|Colinton, Edinburgh, Scotland|
The former Cavalry Barracks at Redford
|Owner||Ministry of Defence|
|Built for||War Office|
|Architect||Harry Bell Measures|
|Occupants||Balaclava Company, 5th Battalion The Royal Regiment of Scotland (Argyll and Sutherland Highlanders)|
Redford Barracks was built between 1909 and 1915 by the War Office and designed by Harry Bell Measures. When completed, the Barracks was the largest military installation built in Scotland since Fort George in the Highlands. The British Army garrison in Edinburgh Castle formally moved out to the barracks in 1923. Today, the Infantry Barracks are unoccupied, and the Cavalry Barracks houses Balaclava Company, 5th Battalion The Royal Regiment of Scotland (Argyll and Sutherland Highlanders).
The Infantry Barracks (regiment and could accommodate 1,000 men. It could provide everything the resident line infantry battalion required to function. The families lived in service quarters close to the barracks and the children attended local schools. The main barrack block itself housed the resident Battalion Headquarters, one Rifle Company, a Fire Support Company and Headquarters Company. The two other Rifle Companies were accommodated in a separate, newer block. 3rd Battalion The Rifles, the last battalion to occupy the barracks, moved out in 2014.), was originally built to house an entire infantry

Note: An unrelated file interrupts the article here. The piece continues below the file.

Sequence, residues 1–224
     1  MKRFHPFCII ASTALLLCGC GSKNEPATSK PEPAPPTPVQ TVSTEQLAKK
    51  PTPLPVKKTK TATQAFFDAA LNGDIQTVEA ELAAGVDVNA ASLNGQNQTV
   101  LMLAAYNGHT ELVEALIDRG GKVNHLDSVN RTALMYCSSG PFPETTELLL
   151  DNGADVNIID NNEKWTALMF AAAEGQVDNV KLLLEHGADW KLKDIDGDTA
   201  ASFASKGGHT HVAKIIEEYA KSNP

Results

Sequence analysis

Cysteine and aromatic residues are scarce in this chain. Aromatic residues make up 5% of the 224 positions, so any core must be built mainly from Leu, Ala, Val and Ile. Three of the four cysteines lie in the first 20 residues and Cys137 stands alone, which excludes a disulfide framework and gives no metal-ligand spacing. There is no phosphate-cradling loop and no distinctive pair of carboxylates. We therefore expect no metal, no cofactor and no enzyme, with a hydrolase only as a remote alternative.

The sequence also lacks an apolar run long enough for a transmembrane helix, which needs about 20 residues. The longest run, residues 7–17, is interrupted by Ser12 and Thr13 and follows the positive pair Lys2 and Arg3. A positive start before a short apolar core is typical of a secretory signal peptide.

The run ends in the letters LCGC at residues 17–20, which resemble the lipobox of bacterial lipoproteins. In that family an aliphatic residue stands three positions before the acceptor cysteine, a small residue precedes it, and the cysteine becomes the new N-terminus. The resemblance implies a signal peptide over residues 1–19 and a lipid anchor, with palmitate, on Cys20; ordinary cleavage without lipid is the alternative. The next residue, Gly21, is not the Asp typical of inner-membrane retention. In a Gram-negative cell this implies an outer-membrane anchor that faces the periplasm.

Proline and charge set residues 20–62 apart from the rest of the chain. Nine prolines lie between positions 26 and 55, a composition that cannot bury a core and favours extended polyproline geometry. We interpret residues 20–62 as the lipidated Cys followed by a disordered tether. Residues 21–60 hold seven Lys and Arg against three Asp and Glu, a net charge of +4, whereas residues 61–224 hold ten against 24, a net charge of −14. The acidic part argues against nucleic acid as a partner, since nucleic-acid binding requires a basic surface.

As part of the Future Force 2020 budgetary announcement in July 2011, RAF Kirknewton was to have been developed into a major Army base to host a Multi-Role Brigade Redford and Dreghorn Barracks would become surplus to requirements and were earmarked for disposal under this plan. However, in December 2011 it was reported that the planned move to Kirknewton was in doubt, and that Redford Barracks would be retained. By 2013 it was confirmed that the MRB plan had been dropped, and that only a part of Redford Barracks would be closed.
The three-storey Cavalry Barracks (Royal Scots Greys, with a large annexe of stables and associated outbuildings. With the permanent stationing of armoured units like the Royal Scots Dragoon Guards in Germany as part of the British Army of the Rhine, the Cavalry Barracks became a home to D squadron, Royal Scots Dragoon Guards stationed there from 1971 until disbanded in 1976.), with its tall domed clock-tower, was originally built to house a cavalry regiment, most notably the
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